For most shares in the FTSE 100, 2013 was a good year and investors have likely enjoyed capital gains and rising dividend income.
That makes me nervous about investing for 2014 and beyond, and I’m going to work hard to adhere to the first tenet of money management: preserve capital.
To help me avoid losses whilst pursuing gains, I’m examining companies from three important angles:
Today, I’m looking at international brewer SABMiller (LSE: SAB) (NASDAQOTH: SBMRY.US).
With the shares at 3111p, SABMiller’s market cap. is £49,906 million.
This table summarises the firm’s recent financial record:
|Year to March||2009||2010||2011||2012||2013|
|Net cash from operations (£m)||2,183||3,277||3,043||3,937||4,101|
|Adjusted earnings per share (cents)||137.5||161.1||191.5||214.8||238.7|
|Dividend per share (cents)||58||68||81||91||101|
The recent half-year results reveal respectable progress at SABMiller with a 4% rise in revenue compared to the year-ago figure. Looking at the table above, the firm seems to move steadily forward, increasing sales and earnings, and raising its dividend. Around the world, alcoholic beverage consumption remains popular and has great repeat-business credentials. That’s why investors often seem to hold SABMiller’s shares for their ‘defensive’ characteristics, particularly in times of economic uncertainty.
The firm is expanding across the world, with the latest results showing that 20% of revenue came from Latin America, 19% from Europe, 18% from North America, 16% from the Asia Pacific and 12% from wider Africa. The wide geographic spread of operations is reassuring, as well-performing regions can offset weakness in other regions. For example, on a constant currency basis, African turnover is up 11% whilst revenue from Europe declined by 1%.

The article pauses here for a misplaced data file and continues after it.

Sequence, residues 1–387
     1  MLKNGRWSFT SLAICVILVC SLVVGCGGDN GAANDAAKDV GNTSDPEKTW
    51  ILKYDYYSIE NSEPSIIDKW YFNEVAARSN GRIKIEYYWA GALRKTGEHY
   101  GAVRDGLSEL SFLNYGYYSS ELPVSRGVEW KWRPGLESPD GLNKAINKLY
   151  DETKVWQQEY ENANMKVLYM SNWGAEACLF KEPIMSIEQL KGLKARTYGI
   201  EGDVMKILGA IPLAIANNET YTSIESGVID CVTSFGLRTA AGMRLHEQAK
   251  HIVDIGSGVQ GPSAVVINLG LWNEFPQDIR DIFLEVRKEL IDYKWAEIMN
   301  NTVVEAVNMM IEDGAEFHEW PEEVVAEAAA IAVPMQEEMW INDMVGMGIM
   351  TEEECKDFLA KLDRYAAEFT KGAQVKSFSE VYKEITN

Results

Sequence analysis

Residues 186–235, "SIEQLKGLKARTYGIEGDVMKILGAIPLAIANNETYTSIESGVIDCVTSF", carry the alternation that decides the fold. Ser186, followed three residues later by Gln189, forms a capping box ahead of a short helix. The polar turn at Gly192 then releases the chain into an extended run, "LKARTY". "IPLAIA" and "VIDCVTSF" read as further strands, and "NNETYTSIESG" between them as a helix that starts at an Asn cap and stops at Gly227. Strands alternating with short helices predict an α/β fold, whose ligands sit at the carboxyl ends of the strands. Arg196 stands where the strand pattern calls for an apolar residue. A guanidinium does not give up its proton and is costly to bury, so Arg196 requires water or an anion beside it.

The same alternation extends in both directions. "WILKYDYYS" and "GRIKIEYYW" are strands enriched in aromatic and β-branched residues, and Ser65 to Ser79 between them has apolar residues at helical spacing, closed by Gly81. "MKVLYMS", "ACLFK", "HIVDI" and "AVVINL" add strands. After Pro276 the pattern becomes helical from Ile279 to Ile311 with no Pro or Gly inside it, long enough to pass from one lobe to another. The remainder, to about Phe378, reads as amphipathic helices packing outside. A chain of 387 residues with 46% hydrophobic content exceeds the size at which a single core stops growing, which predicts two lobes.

Key to SABMiller’s on-going success is the strength of its drink brands. Consumers tend to be loyal to the firm’s trusted brands such as Miller Lite, Castle and Grolsch. However, the company tunes into its regional markets and many of its 200 or so beer brands remain market-specific without aiming to spread globally as is the strategy employed by some other brewers. That doesn’t mean SABMiller lacks punch; it is one of the world’s leading brewers with more than 200 beer brands and some 70,000 employees in over 75 countries. The company also has a growing business in soft drinks and claims to be one of the world’s largest bottlers of Coca-Cola products.
With such a broad reach, the great opportunity for SABMiller seems to be the way the firm has positioned itself to grow with the expanding affluence of populations in emerging economies.
The firm reckons it faced trading challenges in a number of territories during the first half of the year. For example, depreciation of the South African rand caused economic headwinds, and excise increases affected performance in Latin America. Meanwhile national strikes and social unrest caused havoc in Colombia — a global footprint is capable of bringing with it a variety of regional global difficulties. However, such issues appear to be temporary and global, brand-loyal beer drinking looks set to continue in the long run.
One investment risk for SABMiller shareholders is that the shares might cycle in and out of popularity. Investors tend to buy companies with ‘defensive’ businesses in uncertain times, which can drive P/E ratings up. So, there’s a risk of P/E compression as general economic cycles unfold and investors, perhaps, move on to ‘riskier’ investments.
Net debt is running at about 2.3 times the level of operating profits. The firm relies on its consistent cash flow to manage interest payments, which seems fine as long as nothing happens to threaten that cash flow.
A forward P/E rating of just over 18 looks ahead of the 11% earnings growth and the 2.4% dividend yield expected in 2015. Forward earnings cover the forward dividend about 2.3%.
In my view, there’s plenty of room in that valuation for P/E compression going forward, which could compromise investor total returns.
SABMiller’s brand-driven growth leads to a strong economic franchise as customers return repeatedly to buy the firm’s brews, but I’m worried about the company’s premium valuation at this point in the economic cycle.
> Kevin does not own shares in SABMiller.